Monday, August 28, 2006

Ragging on RDMA

Last week, HPCwire posted an in-depth technical article by Patrick Geoffray of Myricom Inc. in which he claims RDMA brings little to the table for high performance system interconnects beyond what is available using the message passing interface (MPI) that Myricom and a handful of other clustering specialists employ.

See http://www.hpcwire.com/hpc/815242.html

His history is a little revisionist. For example, the Virtual Interface Architecture the PC world developed did not fade away, as he says. It was subsumed into Infiniband where many of the concepts were further refined and became a launching pad for RDMA.

The article makes the point there are many ways to skin the cat, and an engineer has to do some heavy lifting to get RDMA to work well with MPI and the Sockets interface. Good points. RDMA has its shortcomings, and the industry needs to continue to work on them.

In the end, however, RDMA is the industry standards effort trying to take high performance interconnects into the mainstream for HPC and beyond. See http://www.rdmaconsortium.org/home The MPI interface that is the basis for products from Myricom and others, will not likely see much action outside the fairly narrow confines of the HPC market. Geoffray's critique bears some of the signs of a technologist swimming against the tide of history.

--rbm

1 comment:

Mike said...

For any marketing article to be effective, it must be founded upon facts (even if only a subset) in order to convince the reader that the conclusions drawn are the correct ones. How effective the marketing piece is then becomes a matter of the spin provided and how close the spin parallels just enough of the facts that the reader buys it all. This critique is an effective marketing piece with just enough facts presented to create FUD but in the end if it is marketing, an opinion, and therefore any reader should be cautious in their acceptance or rejection of any or all of the opinions expressed. I will state up front that this is just an opinion from someone who has created a number of the technologies within the industry including the RDMA ones under discussion here. Hence, the reader should in no way blindly accept anything I state here but take some time to evaluate, do some research, and think carefully about any conclusions drawn. With that in mind and in an attempt to keep this from being too verbose, let's examine some aspects of this opinion piece - this isn't an exhaustive set of points but some key ones to keep in mind.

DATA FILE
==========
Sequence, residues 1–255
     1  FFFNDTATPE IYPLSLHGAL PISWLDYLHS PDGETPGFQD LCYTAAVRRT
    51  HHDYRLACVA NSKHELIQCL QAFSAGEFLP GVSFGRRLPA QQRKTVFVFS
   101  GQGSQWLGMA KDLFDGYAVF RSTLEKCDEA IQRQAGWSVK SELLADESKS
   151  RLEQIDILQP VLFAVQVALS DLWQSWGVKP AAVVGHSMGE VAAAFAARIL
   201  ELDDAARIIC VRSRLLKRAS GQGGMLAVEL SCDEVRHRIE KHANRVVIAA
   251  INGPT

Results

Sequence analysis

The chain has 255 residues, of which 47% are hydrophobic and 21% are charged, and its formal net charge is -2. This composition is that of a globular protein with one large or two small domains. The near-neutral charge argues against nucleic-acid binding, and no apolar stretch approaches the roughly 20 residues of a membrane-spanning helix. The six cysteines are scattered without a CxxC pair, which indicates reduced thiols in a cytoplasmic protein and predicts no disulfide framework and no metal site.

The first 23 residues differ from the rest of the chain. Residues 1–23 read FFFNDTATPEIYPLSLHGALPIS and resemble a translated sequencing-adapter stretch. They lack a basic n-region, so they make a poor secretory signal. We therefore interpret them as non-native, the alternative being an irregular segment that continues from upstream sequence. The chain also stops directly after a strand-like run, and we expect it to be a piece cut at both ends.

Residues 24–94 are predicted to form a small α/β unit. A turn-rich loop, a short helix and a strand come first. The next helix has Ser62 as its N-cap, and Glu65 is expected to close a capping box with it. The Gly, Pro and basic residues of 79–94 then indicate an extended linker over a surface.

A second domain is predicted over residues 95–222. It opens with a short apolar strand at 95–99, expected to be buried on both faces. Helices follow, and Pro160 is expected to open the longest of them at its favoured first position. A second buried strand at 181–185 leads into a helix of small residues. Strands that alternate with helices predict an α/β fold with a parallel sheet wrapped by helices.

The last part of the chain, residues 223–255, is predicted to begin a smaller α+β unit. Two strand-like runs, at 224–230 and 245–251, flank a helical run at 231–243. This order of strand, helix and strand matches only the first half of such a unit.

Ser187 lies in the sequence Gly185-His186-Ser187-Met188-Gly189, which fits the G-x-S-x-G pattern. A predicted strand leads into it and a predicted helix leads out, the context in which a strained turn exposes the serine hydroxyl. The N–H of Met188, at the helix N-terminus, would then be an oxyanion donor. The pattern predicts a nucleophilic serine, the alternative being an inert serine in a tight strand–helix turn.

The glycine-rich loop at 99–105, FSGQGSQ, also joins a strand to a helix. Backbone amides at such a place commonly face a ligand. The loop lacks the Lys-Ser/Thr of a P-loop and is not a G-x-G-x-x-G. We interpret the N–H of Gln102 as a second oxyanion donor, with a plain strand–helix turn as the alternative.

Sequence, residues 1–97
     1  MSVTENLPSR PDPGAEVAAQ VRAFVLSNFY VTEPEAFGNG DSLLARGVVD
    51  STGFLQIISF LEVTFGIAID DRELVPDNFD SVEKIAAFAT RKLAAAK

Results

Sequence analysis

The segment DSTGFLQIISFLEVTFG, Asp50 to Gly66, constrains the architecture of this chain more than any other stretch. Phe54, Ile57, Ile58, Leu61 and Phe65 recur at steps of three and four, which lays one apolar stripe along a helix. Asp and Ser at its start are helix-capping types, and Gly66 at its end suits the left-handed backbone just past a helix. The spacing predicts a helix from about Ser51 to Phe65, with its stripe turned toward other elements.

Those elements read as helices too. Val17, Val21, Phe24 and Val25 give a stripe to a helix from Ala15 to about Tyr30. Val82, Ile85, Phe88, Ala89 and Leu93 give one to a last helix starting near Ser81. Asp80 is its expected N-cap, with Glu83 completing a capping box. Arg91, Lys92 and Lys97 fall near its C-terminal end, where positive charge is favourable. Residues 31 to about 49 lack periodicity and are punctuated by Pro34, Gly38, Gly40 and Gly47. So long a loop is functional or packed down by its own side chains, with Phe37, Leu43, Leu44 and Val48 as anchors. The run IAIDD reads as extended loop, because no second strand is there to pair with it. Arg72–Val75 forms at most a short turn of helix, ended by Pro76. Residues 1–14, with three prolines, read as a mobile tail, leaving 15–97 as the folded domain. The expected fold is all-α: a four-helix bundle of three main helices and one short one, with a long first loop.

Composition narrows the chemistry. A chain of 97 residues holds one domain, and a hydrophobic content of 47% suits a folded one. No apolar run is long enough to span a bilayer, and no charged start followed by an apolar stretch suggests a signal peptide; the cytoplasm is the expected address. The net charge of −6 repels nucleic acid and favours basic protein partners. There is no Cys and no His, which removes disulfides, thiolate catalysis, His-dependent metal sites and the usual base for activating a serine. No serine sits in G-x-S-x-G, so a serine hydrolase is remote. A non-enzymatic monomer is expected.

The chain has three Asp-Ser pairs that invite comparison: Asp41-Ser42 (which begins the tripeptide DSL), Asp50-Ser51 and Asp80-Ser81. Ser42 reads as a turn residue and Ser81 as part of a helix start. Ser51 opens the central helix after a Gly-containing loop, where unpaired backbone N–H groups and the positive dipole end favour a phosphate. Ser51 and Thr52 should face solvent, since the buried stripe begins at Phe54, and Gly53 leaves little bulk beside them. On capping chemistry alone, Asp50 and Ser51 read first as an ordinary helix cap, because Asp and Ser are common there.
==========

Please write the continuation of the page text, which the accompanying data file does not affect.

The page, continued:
The article claims that RDMA is a poor technology choice because it requires memory registration. Well, for any I/O DMA operation to occur (and this generally applies to any I/O device typically found in a modern server), the memory must be pinned (i.e. locked in memory) and mapped (i.e. a virtual to physical address must be obtain to enable the I/O device to issue PCI transactions). Hmmm, last I checked that is what memory registration is - the pinning and mapping of memory and communication of the translations to the I/O device. What RDMA technology such as iWARP and InfiniBand do is simply formalize the registration operation so that hardware and OS vendors will be provided with consistent semantics across all implementation options in order to simplify product integration and solution delivery. Not clear how this can be construed as a poor technology choice but let's move on.

The article claims that memory registration is expensive as a function of the amount of memory being registered. Well, depending upon the physical page size used (the world is not locked into only 4KB pages since that has implications on processor TLB as well), and of course the implementation being measured the performance will certainly vary as shown by the one data set presented hence a fact. However, not all implementations are the same and not all applications use the more expensive memory registration measured. Some applications use the fast registration technique developed for iWARP and then ported back to InfiniBand. Further, some applications register memory at the beginning of time and therefore amortize the cost across seconds or hours or even days of execution (something quite common in MPI or enterprise applications) and therefore the cost of memory registration is very much in the noise. No data or clarifications are provided in the article as that might subtract from the conclusions drawn.